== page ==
Tips to help save tax and penalties from Tax
1. Be aware of your Tax Situation. Learn a bit about taxation it may save you money over the years. Don’t put off looking into tax, even if you dislike the ida.
2. ISA Accounts. Interest you receive is generally liable for taxation unless you save in an ISA. So save in an ISA, up to £3000 each tax year can be saved, you can get instant access, a good rate of interest and don’t have to give a % to the tax man.
3. Gross Interest. Because interest received is generally taxable the tax man has arranged to take his cut before you get your interest. Banks and building societies take tax off your interest automatically. If you have low income or don’t pay income tax then register with your bank to get ‘Gross’ interest – that is interest with out tax.
4. Ask For Refund. If you haven’t registered for gross interest or think you have paid too much tax then ask your tax inspector for a refund at the end of the tax year 5th April.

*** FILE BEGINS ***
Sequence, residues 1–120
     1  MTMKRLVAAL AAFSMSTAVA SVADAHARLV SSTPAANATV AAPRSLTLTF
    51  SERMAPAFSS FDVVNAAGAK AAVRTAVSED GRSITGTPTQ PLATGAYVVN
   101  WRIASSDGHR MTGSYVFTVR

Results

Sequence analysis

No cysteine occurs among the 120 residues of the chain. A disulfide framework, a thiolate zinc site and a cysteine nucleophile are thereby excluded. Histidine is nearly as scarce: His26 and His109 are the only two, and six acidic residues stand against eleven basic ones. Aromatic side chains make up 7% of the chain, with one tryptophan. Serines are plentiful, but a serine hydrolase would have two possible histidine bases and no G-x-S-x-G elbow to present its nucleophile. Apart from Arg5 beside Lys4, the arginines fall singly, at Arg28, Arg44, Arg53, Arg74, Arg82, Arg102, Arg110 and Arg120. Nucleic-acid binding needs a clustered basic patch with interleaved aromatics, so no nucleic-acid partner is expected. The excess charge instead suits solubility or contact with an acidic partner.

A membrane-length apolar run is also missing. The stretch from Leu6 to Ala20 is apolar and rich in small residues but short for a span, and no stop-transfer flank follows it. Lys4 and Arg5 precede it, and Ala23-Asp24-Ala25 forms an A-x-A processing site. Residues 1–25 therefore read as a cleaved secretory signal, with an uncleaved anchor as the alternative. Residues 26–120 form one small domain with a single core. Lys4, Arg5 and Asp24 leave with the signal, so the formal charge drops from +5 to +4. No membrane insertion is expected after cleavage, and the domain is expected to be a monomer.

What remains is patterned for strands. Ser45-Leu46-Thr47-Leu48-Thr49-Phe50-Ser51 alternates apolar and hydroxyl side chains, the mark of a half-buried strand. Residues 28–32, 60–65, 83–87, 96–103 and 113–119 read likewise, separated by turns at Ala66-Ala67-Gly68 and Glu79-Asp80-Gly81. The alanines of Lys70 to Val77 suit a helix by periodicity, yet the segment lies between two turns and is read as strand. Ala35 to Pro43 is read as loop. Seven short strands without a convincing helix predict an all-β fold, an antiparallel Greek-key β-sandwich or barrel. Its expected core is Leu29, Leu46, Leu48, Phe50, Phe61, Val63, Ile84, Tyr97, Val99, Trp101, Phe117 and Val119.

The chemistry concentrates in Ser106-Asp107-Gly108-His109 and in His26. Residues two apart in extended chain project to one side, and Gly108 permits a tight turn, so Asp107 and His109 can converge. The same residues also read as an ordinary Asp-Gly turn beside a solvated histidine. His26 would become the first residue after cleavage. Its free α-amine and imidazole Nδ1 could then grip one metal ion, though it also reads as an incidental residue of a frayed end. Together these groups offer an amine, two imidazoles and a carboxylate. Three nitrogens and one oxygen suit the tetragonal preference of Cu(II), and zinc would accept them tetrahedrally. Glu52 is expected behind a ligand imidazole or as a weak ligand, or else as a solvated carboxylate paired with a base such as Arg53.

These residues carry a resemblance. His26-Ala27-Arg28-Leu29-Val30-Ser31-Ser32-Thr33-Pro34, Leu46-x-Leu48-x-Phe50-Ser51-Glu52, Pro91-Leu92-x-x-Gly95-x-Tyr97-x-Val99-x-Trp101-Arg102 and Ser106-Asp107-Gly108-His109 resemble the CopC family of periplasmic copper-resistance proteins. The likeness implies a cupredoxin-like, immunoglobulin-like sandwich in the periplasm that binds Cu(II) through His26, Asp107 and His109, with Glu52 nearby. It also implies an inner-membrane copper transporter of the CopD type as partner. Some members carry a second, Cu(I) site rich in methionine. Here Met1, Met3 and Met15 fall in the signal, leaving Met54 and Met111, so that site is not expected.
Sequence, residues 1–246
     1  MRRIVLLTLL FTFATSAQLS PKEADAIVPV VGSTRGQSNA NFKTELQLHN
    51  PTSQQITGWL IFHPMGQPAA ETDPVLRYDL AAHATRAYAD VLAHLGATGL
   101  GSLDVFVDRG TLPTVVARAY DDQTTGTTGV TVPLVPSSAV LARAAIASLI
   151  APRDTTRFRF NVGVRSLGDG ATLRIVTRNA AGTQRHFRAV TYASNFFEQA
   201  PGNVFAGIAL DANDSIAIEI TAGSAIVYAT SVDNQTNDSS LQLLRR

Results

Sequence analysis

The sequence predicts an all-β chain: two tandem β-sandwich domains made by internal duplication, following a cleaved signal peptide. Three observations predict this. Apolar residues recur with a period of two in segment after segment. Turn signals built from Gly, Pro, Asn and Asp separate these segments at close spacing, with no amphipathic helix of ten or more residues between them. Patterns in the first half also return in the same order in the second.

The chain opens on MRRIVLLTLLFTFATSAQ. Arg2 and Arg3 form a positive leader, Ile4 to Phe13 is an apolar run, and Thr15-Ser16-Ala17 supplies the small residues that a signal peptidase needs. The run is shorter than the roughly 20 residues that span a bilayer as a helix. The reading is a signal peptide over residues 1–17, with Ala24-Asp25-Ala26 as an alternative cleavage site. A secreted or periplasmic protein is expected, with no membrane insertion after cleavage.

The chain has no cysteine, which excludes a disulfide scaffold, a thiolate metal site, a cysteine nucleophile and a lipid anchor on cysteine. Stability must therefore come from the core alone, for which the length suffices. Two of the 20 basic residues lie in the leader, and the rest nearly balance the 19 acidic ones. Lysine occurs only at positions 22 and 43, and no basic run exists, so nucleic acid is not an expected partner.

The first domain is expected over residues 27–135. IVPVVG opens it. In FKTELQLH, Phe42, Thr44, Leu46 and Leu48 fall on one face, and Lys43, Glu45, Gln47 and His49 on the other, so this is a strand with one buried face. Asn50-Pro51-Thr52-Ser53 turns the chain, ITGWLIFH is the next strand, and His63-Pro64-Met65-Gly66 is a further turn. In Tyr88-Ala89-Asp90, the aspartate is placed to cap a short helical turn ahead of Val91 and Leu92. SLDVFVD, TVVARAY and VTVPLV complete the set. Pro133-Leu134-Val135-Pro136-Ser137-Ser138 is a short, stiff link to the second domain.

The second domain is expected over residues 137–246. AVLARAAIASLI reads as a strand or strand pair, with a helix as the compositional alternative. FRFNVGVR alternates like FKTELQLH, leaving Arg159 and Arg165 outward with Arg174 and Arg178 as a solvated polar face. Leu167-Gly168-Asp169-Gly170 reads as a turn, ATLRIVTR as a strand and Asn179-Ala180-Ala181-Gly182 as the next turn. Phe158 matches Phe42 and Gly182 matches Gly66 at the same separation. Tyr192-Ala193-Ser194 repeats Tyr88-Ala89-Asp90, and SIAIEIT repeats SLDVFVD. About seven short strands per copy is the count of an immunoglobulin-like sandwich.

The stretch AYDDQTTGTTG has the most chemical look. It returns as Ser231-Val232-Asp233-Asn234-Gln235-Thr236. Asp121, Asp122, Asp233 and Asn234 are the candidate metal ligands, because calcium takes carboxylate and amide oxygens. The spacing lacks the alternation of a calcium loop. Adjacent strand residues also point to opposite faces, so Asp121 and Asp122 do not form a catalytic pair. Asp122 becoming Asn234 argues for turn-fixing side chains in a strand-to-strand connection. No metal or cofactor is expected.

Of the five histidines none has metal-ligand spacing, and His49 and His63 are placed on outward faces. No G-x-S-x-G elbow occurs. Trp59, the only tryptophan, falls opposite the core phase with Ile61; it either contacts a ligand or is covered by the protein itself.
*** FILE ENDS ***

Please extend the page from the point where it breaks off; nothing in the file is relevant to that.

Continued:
5. Share Personal Allowances. Everyone has a personal tax allowance. This is the amount of income you can have without paying any tax. Make sure any interest received is paid to the partner with unused allowances.
6. Check Tax Code. The Inland Revenue make lots of mistakes so check you tax code. This is used by your employer to calculate how much tax to deduct form your wages. Guidance is available on www.hmrc.gov.uk understanding your P2 PAYE Coding Notice.
7. Changed Circumstances. If your circumstances have changed since completing a tax return tell the revenue.
8. Special Tax exemptions. There aren’t many special allowances or expenses but professional subscriptions, union agreed trade allowances and some ex-gracia expenses are allowed against tax if you claim them.
9. Avoid Penalties. Send in you tax return promptly and avoid penalties. If you do get a penalty, contact them to ask for a refund, perhaps it got lost in the post.
10. Sundry Income. Sundry income from Ebay or auction sales for example is not taxable if you are just having a one off sale but is taxable if you are running a business or getting regular income.
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